None of these photos of a purported ‘pipeline explosion’ were taken in Myanmar

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Four photos have been shared thousands of times in multiple posts on Facebook and Twitter alongside a claim they show an explosion at the Sino-Myanmar gas pipeline. The posts circulated online in March 2021 after Beijing expressed concern over the security of the twin pipelines project following the Myanmar military coup. The photos, however, have been shared in a false context: none of them show an explosion at the Sino-Myanmar pipeline. As of April 19, 2021, there have been no credible reports of a gas pipeline explosion in Myanmar following the military coup.

The photos were published here on Twitter on March 7, 2021.

A screenshot, taken on April 12, 2021, of the misleading post.

The caption, written in both English and Chinese, reads: “Explosion of Chinese Gas Pipeline in Myanmar is only internal affairs because it exists within the territory of Myanmar #ShameOnYouChina #WhatsHappeningInMyanmar”. 

The photos (clockwise from left to right) purport to show: workers fixing a pipeline; thick black smoke rising on the horizon in a rural location; a pipeline in a desert; a map of Sino-Myanmar pipelines with sections circled in red.  

China-owned textile factories have been burned down in Yangon townships following a military coup on February 1, 2021. 

Myanmar’s massive pro-democracy movement accuses China of waving through the generals' power grab and trading Myanmar's freedom for its own strategic gain. AFP reported on the developments here.

The photos were also shared in Chinese, English and Burmease alongside similar claims on Facebook here and here; and Twitter here and here.

The claim, however, is false.

US pipeline photo

A reverse image search on Google has found the first photo was published here by Minnesota Public Radio on September 26, 2017. 

It is captioned: “According to Enbridge, the multibillion-dollar Line 3 replacement represents the largest project in the company's history. Here, contractors work near Superior, Wis.” 

The image is credited to “Derek Montgomery for MPR News”.

Below is a screenshot comparison of the first photo in the misleading post and the photo from MPR News:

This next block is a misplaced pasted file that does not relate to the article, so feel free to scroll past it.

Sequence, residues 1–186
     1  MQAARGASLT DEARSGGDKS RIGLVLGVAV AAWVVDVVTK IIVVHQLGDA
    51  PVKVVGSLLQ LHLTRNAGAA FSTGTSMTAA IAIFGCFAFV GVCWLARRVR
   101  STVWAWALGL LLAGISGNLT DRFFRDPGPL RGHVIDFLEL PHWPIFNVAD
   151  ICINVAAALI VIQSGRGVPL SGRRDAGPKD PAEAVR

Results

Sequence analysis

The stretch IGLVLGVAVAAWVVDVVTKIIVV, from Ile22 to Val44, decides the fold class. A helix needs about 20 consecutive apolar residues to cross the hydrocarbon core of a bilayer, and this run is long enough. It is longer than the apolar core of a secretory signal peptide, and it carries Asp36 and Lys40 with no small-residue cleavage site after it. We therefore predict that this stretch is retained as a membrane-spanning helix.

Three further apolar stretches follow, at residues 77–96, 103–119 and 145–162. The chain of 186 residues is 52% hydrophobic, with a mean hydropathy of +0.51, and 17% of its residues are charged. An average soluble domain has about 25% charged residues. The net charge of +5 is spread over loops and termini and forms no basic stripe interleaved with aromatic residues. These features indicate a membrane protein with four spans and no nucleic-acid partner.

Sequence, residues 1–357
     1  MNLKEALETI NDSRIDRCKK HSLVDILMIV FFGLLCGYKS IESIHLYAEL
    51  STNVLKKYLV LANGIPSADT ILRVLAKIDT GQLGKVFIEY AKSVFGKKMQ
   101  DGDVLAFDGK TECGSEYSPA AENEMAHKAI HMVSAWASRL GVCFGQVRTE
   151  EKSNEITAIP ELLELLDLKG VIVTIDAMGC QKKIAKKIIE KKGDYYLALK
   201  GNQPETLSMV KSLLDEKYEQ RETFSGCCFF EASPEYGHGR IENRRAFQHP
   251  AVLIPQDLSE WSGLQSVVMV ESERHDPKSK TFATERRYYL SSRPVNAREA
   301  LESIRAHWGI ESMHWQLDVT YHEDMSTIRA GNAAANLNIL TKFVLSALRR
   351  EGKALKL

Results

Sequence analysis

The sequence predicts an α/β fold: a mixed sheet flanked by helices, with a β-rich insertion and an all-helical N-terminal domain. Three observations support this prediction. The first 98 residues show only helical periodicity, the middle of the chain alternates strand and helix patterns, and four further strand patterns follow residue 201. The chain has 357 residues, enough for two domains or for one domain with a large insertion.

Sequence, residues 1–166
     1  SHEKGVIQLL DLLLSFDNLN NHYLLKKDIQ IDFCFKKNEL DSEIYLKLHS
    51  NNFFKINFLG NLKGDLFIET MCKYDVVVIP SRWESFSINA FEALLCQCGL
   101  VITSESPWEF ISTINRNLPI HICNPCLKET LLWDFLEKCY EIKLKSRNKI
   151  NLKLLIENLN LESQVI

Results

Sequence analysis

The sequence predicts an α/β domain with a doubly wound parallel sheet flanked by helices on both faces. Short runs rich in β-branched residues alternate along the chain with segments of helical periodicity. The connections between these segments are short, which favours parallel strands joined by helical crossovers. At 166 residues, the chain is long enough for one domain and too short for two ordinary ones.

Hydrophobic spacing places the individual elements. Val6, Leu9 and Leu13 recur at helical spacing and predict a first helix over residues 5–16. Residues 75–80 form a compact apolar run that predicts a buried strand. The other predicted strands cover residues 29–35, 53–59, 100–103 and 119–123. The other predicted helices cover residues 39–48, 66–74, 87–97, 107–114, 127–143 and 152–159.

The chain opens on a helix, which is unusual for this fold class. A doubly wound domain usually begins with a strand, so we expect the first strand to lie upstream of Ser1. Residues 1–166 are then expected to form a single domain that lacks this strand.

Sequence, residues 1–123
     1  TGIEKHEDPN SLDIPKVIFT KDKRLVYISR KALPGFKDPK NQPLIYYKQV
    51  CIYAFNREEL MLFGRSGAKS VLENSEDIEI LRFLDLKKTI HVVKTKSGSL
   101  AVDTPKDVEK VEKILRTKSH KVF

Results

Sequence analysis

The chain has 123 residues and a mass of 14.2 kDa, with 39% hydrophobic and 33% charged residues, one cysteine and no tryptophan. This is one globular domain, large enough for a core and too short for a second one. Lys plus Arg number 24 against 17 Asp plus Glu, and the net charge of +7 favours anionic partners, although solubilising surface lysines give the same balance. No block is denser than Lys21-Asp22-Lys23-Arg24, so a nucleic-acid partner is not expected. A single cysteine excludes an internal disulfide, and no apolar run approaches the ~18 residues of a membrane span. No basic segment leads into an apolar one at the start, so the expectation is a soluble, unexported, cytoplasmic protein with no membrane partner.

A screenshot comparison of the first photo in the misleading post and the photo from MPR news.

The same image was shared here by a US-based construction site.

Iran-Afghanistan border blaze 

A reverse image search on Google has found the second photo is actually a still taken from a video in a Reuters’ news article published here on February 13, 2021. 

The video is titled: “Dozens hurt in fire near Iran-Afghanistan border”. 

Below is a screenshot comparison of the photo in the misleading post (L) and the screenshot take from Reuters video (R):

A screenshot comparison of the misleading photo and the Reuter’s video.

AFP published this fact check report about the same photo in February 2021 debunking a similar misleading claim.

California desert image

Through a reverse image search on Google, AFP found the third photo published here on the stock image website Shutterstock. 

The caption reads: “Pipeline in the Mojave desert.” 

The Mojave desert is in the US state of California.

The image is credited to Darren J. Bradley, whose profile on Shutterstock shows he frequently shares photos from California.

Below is a screenshot comparison of the third photo in the misleading post (L) and the photo on Shutterstock:

A screenshot comparison of the third photo in the misleading post and the Shutterstock photo.

Pipeline map

The fourth photo was published here in a research paper by the Hong Kong Trade Development Council on June 8, 2016. 

The research paper’s title is: “Myanmar Rising: Opportunities in Asia’s Final Production Frontier”. 

The map is captioned: “Myanmar-China Oil and Gas Pipelines”.

Below is a screenshot comparison of the map graphic from the misleading post and the graphic from HKTDC research report:

A screenshot comparison of the graphic from the misleading post and the graphic from HKTDC research report.

As of April 18, 2021, there have been no credible reports of a gas pipeline explosion in Myanmar following the military coup.

The misleading claim was also debunked by the University of Hong Kong’s fact-checking project Annie Lab here.

Myanmar Military Coup